Aging is associated with well-recognized alterations in brain function, some of which are reflected in cognitive decline.

While less appreciated, there is also considerable evidence of socioemotional changes later in life, some of which are beneficial.

It is known that chronically elevated levels of the stress hormone cortisol exert neurotoxic effects on the aging brain with negative impacts on cognition and socioemotional functioning.

In contrast, the sex hormones estrogen and testosterone appear to have neuroprotective effects in cognitive aging but may decrease prosociality.

Advances in research and technology have extended the human lifespan. Consequently, old and very old individuals are a growing segment of society, and the question of how to maintain or augment cognitive and socioemotional functioning in older age has become an issue of great political, societal, and academic interest.

This interest has been further spurred by evidence that some individuals fare better than others in their ability to remain cognitively, socially, and affectively engaged as they age. These improved capacities are often associated with reduced morbidity and mortality.

An increased understanding of the interplay between the myriad factors that contribute to individual differences in aging trajectories has the potential to inform strategies toward amelioration of negative effects and promotion of life quality among older adults.

Age-Related Change in Cognitive and Socioemotional Functioning

As people age, they typically experience declines in various cognitive functions. Though there is notable heterogeneity in patterns of change in cognitive function both across and within individuals, studies consistently document age-related decreases in processing speed, reasoning ability, and various memory components.

Alongside the broad cognitive aging literature, there is growing evidence of age-related change in socioemotional domains. While some of these changes are characterized by decline, other socioemotional functions remain stable or even improve with age.

For example, older compared to young adults are worse in interpreting facial cues related to emotion or trust. Older adults also show increased difficulty with memory for social and emotional information such as names, faces, and negative emotional pictures or text.

In contrast, the experience of positive affect increases with age. Also, older adults become better at some aspects of emotion regulation and emotional problem solving and often show increased wisdom-related knowledge.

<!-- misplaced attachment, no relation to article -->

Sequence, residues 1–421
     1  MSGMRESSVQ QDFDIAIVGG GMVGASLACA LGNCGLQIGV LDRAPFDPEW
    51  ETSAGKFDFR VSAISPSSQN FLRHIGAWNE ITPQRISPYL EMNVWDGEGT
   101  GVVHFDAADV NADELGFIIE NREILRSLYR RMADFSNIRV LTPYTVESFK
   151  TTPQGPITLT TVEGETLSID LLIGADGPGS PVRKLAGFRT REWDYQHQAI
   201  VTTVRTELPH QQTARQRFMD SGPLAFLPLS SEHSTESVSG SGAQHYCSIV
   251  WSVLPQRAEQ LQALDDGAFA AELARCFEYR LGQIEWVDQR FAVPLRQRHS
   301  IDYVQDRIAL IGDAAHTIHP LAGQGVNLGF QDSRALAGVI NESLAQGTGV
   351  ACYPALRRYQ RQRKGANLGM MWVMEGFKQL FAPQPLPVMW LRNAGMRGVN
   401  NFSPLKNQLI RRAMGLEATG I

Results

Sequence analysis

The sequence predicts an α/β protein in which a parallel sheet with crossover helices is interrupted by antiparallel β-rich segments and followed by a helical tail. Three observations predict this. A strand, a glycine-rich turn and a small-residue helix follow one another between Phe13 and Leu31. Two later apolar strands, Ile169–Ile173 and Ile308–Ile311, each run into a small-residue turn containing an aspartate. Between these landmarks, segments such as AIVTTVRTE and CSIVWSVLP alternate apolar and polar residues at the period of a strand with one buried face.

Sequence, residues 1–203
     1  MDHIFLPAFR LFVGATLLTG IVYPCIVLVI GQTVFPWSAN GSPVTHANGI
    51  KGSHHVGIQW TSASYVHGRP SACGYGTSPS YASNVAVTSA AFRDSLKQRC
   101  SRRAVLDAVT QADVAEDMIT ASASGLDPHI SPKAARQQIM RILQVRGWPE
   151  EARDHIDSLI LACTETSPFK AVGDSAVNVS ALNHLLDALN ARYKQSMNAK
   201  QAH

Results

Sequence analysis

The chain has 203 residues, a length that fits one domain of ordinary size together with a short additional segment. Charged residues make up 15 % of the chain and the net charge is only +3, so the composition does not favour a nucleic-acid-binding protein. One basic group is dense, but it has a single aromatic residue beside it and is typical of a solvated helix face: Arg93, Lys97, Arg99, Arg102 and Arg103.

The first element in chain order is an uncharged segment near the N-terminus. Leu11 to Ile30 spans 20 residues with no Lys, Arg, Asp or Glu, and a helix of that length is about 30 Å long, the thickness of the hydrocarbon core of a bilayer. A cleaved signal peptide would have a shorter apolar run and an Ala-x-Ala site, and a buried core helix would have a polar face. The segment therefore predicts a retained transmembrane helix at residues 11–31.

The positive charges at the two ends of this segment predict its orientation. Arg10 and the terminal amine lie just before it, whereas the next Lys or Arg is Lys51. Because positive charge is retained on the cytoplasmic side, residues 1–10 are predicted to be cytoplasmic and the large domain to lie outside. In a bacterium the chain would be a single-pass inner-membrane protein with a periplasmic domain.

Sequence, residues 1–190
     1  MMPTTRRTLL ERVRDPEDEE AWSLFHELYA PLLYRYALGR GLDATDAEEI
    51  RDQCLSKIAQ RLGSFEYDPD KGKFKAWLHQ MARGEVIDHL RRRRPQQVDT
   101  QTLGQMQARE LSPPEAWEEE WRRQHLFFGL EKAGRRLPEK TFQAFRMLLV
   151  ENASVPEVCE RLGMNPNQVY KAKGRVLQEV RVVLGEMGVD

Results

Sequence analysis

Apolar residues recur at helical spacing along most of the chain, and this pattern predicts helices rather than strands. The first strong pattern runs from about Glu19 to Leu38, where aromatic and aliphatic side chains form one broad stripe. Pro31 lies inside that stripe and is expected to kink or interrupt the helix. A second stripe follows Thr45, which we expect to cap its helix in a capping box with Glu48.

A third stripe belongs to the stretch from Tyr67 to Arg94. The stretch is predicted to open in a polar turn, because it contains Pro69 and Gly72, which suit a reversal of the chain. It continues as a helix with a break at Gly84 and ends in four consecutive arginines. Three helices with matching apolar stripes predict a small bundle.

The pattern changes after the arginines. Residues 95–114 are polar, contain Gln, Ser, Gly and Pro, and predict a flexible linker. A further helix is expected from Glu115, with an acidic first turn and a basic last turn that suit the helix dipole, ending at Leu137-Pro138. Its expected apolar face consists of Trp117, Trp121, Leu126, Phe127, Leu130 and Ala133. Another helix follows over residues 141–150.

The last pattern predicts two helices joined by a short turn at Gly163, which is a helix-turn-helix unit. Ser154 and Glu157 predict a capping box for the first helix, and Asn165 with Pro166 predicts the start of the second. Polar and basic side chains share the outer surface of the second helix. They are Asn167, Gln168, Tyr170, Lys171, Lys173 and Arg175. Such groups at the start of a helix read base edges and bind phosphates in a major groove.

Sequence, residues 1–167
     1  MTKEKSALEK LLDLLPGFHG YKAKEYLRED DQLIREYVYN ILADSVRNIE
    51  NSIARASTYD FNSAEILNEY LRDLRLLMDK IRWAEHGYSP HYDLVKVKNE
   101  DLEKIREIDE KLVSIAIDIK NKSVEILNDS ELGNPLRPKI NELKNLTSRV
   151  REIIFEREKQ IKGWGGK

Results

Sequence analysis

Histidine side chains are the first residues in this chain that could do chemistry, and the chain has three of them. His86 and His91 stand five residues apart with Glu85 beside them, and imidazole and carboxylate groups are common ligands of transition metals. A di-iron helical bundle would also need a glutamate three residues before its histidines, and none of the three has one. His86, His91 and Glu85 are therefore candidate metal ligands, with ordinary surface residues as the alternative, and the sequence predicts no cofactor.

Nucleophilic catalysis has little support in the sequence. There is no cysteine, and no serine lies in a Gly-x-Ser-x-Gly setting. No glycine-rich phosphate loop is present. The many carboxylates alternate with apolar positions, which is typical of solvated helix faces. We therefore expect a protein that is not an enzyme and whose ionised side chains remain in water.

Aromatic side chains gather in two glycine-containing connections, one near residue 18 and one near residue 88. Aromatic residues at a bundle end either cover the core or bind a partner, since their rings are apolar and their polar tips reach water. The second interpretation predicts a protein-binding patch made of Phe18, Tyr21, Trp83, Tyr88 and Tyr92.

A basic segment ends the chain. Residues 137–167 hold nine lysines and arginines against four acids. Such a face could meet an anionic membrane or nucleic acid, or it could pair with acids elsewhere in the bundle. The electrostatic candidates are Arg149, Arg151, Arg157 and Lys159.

Hormones like cortisol, estrogen, testosterone, and oxytocin are operating throughout the body and brain and have an influence on cognition and socioemotional functioning in older adults.

In particular, cortisol is released by the adrenal glands as the end product of a coordinated hormonal cascade. Estrogen is released in concert with progesterone by the ovaries and oxytocin and prolactin by the pituitary, with similar implications for behavior.

Examination of these particular hormones provides an interesting contrast in that they mediate responses seen as being antithetical (i.e., cortisol and oxytocin) or important for differences between the sexes (i.e., estrogen and testosterone).

Cortisol, estrogen, testosterone, and oxytocin constitute active regulators of domains important to the aging process (i.e., stress response, emotional support/bonding, biological transition to older age).

The Interplay of Hormones, Brain, and Behavior in Aging

One useful way of conceptualizing the interplay between brain processes, hormonal activity, and behavior is to think of the brain as an endocrine organ. Within this model, the brain both regulates the production of hormones (through the hypothalamus and pituitary gland), and is itself a target for steroid and sex hormones that cross the blood-brain barrier and exert effects in the central nervous system and downstream regions.

As such, hormones play a central role in physiologic processes and initiation of signaling pathways responsible for the development, aging, growth, immunity, reproduction, and behavior.

The level and function of many hormones change with age and, as a consequence, produce a number of psychological and physiological alterations. Typical changes are reduced secretion from peripheral glands and modifications in the central mechanisms controlling hormone release.

This includes a reduction in inhibitory systems and dampening of circadian rhythms. These age-related changes in the endocrine system are complex and differ for specific hormones due to a variety of influences, some of which are concomitant with aging.

Among those influences are sociodemographic (e.g., ethnicity, social status), lifestyle (e.g., level of physical activity, body mass index, smoking initiation or cessation, diet), and psychological factors (e.g., overall health status, perceived stress, supportive relationships, social integration.

For instance, in older adults, both physical and psychological changes brought about by body mass index, smoking, unemployment, and loss of a partner were associated with accelerations in individual declines in testosterone levels, while psychological factors like self-esteem and perceived stress contributed to individual differences in cortisol.

Age-related hormonal change can also be a result of pathology associated with disease risk or decreased longevity.

Changes in the brain and behavior are rarely attributable to the actions of a single hormone. Rather, they reflect aggregate and widespread changes across multiple hormonal systems, which themselves have recursive interactions with each other.

Therefore, examination of the combined effects of multiple hormones that act simultaneously throughout the body and brain is necessary.

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